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'Niceguy' Eddie

Political Talk Show Host and Internet Radio Personality. My show, In My Humble Opinion, aired on RainbowRadio from 2015-2017.

Feel free to contact me at niceguy9418@usa.com. You can also friend me on Facebook, follow me on Twitter, and Tumblr, and support my Patreon. Also, if you don't mind the stench, you can find my unofficial "fan club" over HERE. ;)


Wednesday, June 16, 2010

My Note to BP Pensioners: Go pound oily sand!

Speaking of Britain, there was rather a lot of criticism of the Obama administration for calling on BP to suspend it’s dividend payments until the damages related it’s oil spill are paid for. Now… I’m not completely heartless on this issue. I break with the mainstream liberal voice when it comes to taxing dividends for the very same reason that this criticism was being leveled: The broadest beneficiaries of those dividend payments are pension finds, and retires who actually depend on that income. (Well, that and it’s double taxation, but I don’t feel like giving the moon-bats here a lesson in basic Accounting right now, so we’ll go with “sympathy for old people” for the time being.) The rhetoric of the British Pensioners has been largely along the lines of “Hey America, don’t fuck with my retirement income! You want the oil? You PAY FOR it!”

Hey, British Pensioners? GO POUND OIL SATURADTED SAND!

First of all: We DO pay for it. BP has never been in the business of giving oil away for free to anyone. If they don’t charge enough to cover the cost of contingency plans? Not really OUR problem. I’ll get to the phenomenon of “externalization of costs” in a moment, but I’d have no problem with a MODEST gas tax increase (nothing like the nonsense they have in Europe however) which, considering how much gas we burn, would go a long way to getting more research done, and getting these kinds of things cleaned up. The cost is ultimately borne by the consumer anyway (again, see “externalization of costs”) so whether it’s in the form of a tax, or a price hike which the company would pretty much pocket ANYWAY, I’m all for it. And right now, so are most Americans. One Republican vote in the Senate is all that stands between our newly lubricated shoreline and the beginning of real energy reform.

Second of all: While I sympathize with your loss of income, you must also realize that it is TEMPORARY. That may not be the case for much of the fishing industry in the gulf. Businesses has been destroyed, people have lost everything, and that's before you even factor in the long-term ecological damage, the cost to repair the coasts and the long term economic effects that moving away from Gulf Oil Drilling. Long story short? Our problems are more expensive than yours, and have been CAUSED by a BRITISH company, operated in violation of both what would be the required safety protocols in Europe, and what is accepted industry practice over here. As it is our Government is pursuing a case of Criminal Negligence against BP, its case bolstered by BP’s own internal documents and BP company insiders. I’ve heard more than one legal expert describe the criminal case against BP as a “slam dunk.” So before you open your gobs, consider for a moment what you’d be calling for if an AMERICAN firm had violated your industry standards, fouled your beaches and destroyed your coastal industries, all in pursuit of greater profits for themselves and their shareholders. Somehow I don’t think the plight of the average AMERICAN pensioner would be very high on your list of priorities. And rightly so. NOW STIFLE!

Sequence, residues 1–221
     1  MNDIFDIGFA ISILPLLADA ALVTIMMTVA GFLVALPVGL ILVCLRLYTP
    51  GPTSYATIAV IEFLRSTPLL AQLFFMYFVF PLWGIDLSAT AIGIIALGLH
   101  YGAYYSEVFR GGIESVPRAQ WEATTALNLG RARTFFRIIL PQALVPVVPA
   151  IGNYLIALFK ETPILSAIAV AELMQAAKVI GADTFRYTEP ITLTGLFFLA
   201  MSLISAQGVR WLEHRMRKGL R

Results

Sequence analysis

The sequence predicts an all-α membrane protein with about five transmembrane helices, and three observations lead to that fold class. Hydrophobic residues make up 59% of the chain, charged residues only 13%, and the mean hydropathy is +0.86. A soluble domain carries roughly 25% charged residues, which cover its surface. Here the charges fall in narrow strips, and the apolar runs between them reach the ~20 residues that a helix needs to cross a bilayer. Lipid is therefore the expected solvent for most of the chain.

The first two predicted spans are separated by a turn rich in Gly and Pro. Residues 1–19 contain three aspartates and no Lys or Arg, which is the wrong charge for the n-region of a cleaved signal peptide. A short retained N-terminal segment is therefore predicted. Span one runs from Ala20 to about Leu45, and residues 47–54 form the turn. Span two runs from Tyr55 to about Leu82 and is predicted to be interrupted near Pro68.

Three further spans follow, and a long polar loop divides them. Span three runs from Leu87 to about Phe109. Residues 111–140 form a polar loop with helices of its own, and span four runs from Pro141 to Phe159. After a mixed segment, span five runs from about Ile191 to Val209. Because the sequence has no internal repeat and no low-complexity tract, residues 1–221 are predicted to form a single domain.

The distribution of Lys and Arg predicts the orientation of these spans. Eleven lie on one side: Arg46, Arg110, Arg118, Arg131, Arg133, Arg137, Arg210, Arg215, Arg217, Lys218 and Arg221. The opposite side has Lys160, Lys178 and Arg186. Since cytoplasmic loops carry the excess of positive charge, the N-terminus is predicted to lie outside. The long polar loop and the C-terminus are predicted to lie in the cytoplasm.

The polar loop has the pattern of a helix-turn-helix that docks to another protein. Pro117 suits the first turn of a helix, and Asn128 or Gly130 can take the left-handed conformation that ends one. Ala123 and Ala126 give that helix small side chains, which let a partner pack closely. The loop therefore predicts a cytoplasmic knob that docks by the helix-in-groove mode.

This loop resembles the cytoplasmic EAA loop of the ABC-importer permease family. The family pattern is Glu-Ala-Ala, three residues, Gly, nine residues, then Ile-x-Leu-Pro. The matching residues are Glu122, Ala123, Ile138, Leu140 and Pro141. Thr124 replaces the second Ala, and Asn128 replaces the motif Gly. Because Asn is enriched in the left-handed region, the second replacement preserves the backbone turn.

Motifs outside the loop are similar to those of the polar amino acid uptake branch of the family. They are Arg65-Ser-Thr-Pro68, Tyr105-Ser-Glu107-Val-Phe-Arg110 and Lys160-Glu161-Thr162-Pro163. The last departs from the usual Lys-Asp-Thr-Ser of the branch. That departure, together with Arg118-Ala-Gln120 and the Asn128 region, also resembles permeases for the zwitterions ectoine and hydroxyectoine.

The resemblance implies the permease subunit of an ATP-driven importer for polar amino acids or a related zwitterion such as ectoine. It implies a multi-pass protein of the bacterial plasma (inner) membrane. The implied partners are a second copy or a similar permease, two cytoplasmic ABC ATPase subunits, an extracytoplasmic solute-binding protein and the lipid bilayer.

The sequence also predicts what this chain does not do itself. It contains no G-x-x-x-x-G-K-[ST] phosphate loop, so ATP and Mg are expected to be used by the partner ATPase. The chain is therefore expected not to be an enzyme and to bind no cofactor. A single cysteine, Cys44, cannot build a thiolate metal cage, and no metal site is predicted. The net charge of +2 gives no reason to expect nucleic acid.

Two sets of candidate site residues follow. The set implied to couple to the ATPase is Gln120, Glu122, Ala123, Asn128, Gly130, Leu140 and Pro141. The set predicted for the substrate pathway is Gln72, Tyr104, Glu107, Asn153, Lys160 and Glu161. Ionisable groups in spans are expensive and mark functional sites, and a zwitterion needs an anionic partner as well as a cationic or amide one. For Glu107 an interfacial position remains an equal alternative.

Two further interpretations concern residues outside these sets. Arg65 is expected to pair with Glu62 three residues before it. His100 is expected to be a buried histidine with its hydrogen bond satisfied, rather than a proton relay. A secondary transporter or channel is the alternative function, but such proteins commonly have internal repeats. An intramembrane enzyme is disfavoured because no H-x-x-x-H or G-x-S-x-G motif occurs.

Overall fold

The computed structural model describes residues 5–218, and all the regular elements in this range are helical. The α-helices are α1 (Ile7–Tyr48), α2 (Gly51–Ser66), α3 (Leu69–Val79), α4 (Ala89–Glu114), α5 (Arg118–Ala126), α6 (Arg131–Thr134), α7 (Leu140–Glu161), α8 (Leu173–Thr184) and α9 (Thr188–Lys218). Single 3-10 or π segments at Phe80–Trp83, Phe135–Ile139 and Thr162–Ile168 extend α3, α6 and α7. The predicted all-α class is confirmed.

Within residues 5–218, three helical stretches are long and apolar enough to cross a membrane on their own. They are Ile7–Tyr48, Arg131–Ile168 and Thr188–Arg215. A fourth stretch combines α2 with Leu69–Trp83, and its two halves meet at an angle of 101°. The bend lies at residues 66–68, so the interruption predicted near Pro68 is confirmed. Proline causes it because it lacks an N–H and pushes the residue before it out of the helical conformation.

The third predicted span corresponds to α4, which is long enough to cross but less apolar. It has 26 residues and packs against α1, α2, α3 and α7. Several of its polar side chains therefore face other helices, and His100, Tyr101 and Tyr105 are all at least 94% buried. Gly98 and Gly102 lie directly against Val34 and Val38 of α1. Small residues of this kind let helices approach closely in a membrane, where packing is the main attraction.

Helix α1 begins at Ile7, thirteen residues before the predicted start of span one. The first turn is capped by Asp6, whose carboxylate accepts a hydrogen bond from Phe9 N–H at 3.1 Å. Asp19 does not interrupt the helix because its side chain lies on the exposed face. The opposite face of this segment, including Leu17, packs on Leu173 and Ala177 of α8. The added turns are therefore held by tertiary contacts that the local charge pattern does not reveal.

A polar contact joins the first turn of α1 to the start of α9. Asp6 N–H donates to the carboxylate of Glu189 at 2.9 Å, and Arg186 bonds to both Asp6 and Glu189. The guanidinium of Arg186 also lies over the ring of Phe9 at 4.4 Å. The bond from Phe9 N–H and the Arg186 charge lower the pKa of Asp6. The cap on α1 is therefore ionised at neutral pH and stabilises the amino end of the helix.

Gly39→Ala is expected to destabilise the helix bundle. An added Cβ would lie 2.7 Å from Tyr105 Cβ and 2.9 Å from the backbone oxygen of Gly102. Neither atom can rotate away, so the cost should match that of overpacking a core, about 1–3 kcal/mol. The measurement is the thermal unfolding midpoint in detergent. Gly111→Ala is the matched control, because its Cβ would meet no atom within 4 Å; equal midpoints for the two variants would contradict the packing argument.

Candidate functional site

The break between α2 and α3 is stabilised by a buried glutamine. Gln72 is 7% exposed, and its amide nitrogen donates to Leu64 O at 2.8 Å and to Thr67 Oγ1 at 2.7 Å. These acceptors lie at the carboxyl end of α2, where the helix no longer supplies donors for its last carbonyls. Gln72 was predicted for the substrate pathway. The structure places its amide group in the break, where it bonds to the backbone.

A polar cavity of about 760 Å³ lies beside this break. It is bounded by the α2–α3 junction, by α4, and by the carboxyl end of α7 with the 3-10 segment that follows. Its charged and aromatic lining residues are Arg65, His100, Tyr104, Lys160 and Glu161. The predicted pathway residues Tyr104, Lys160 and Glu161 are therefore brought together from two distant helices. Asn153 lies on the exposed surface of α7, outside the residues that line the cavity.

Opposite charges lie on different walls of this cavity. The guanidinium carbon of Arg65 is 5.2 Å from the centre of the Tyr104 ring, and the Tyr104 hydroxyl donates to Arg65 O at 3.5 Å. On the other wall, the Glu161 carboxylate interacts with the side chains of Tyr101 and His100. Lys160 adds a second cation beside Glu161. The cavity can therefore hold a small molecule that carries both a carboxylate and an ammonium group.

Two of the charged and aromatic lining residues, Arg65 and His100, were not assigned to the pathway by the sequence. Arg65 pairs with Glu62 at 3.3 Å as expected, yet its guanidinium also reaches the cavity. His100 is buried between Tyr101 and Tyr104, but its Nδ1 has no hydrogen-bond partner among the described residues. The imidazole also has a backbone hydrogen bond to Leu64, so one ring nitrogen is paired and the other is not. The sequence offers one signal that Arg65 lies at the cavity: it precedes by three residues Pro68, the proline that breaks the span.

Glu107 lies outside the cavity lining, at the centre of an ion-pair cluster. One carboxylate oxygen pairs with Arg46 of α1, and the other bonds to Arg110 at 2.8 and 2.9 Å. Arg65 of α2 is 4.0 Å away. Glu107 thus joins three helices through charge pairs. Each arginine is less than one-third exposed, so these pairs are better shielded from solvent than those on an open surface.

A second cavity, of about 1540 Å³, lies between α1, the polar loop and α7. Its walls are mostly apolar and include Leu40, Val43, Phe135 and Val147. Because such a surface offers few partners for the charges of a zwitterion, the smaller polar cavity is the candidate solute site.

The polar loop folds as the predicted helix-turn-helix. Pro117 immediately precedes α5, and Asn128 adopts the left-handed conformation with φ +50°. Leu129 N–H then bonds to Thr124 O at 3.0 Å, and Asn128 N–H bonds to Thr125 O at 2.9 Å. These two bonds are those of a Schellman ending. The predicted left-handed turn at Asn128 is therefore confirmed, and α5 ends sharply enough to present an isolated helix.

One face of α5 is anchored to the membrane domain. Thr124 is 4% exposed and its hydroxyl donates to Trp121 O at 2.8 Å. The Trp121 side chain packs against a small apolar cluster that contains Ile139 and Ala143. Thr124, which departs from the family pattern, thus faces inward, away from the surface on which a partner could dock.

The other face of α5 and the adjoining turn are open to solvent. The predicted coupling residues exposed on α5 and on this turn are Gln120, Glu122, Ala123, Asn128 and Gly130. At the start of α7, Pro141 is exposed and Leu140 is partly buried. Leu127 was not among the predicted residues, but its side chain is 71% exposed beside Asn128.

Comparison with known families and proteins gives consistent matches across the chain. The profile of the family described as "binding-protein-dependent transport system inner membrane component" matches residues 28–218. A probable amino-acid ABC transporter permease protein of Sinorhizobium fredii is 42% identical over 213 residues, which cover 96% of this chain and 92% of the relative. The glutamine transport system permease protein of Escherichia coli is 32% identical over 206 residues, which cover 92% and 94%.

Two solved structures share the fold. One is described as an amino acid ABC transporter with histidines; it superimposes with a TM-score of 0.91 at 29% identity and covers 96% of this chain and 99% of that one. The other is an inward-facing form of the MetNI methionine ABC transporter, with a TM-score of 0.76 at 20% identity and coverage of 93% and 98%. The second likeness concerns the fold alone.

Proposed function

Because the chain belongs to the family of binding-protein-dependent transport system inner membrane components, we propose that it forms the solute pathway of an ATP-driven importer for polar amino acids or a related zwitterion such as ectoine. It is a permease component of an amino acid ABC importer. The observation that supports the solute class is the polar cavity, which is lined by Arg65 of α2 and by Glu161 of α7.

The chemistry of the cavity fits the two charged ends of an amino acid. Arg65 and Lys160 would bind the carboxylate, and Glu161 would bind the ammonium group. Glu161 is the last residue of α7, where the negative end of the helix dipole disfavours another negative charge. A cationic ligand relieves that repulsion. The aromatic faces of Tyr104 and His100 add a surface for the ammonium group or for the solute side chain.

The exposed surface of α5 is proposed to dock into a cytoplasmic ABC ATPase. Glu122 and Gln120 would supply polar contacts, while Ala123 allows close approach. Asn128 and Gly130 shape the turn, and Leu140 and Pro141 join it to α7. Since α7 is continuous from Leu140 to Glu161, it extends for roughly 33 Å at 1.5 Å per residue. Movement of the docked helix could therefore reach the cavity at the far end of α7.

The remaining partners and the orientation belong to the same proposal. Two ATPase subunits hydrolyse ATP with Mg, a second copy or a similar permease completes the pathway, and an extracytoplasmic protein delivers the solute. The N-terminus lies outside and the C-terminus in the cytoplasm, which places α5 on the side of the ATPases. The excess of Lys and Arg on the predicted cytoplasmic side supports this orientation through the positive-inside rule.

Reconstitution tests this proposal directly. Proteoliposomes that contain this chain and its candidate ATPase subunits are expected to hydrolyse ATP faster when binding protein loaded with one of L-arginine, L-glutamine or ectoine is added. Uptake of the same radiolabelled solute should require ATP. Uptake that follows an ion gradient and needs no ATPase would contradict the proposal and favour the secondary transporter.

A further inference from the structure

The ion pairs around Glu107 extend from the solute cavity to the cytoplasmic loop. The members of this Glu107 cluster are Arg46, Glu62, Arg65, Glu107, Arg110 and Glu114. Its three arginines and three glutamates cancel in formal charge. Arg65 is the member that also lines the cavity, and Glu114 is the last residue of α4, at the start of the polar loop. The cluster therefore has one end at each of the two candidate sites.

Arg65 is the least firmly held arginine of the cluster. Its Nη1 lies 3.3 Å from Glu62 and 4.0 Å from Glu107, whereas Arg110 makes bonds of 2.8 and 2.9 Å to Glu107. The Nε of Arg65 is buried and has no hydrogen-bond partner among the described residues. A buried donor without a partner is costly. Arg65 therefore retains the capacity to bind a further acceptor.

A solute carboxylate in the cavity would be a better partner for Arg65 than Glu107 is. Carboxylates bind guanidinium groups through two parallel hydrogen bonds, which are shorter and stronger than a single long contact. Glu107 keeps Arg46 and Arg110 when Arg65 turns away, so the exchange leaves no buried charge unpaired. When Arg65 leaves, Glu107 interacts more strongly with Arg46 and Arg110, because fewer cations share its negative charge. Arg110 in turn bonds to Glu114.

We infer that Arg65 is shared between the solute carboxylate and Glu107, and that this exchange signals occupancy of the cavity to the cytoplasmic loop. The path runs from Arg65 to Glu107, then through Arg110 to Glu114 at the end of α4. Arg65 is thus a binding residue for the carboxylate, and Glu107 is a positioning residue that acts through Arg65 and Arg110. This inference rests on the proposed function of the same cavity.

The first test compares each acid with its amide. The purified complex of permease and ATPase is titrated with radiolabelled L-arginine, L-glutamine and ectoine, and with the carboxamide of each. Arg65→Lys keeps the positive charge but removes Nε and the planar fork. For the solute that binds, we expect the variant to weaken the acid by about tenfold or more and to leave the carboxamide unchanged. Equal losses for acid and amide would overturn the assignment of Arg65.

Oh yeah: EXTERNALIZATION OF COST. This is the phenomenon that allows many of these companies to make claims like “oil produces the cheapest energy on a per volume basis” and things like that. There are two reasons why this statement is “true.” (Notice the “quotes?”) ONE is that they make arbitrary assumptions about the pay-off period for solar energy. Now I’m not sure what a given “volume” of solar energy (sunshine) looks like, but I do know that it is not a fuel being consumed. (Next time you here this, challenge one of thes efools to show you what a gallon of sunshine looks like!)  Which means, on a usage basis: It’s FREE. So the only way they can assume a “cost” on a per unit of energy generated basis, would be to amortize the manufacturing cost of a solar panel over its life. And what do they assume for its life? Well, whatever they need to to make oil sound cheaper, of course! The other reason is the “externalization of cost.” This is the fact that they do not include in the cost of their products, the costs associated with disasters, pollution, clean-up, global warming and other environmental impacts. The costs, unless the company is exceedingly generous in volunteering to take on, are largely paid by SOMEONE ELSE. And that’s how they want to keep it. If they can keep those costs EXTERNALIZED (off their books, and thus out of the business case) they not only can keep raking in record profits, but also make the case that OIL IS CHEAPER. Pollition CONTROL sosts the company. POLLUTION usually costs everybody else.  The same goes for coal, and just about every other industry that pollutes: As long as someone else cleans up the mess? Their business case is sound. And for the past 30 years, the three Republican administrations and the Republican Congress which dominated the lone Democratic one (until now) has been more than happy to ignore the problem and support this practice. 

I hope Obama has the courage to do otherwise. I’ll pay the tax, and to hell with any whiny pensioners. I’ve got a word of advice for you lot: DIVERSIFICATION.

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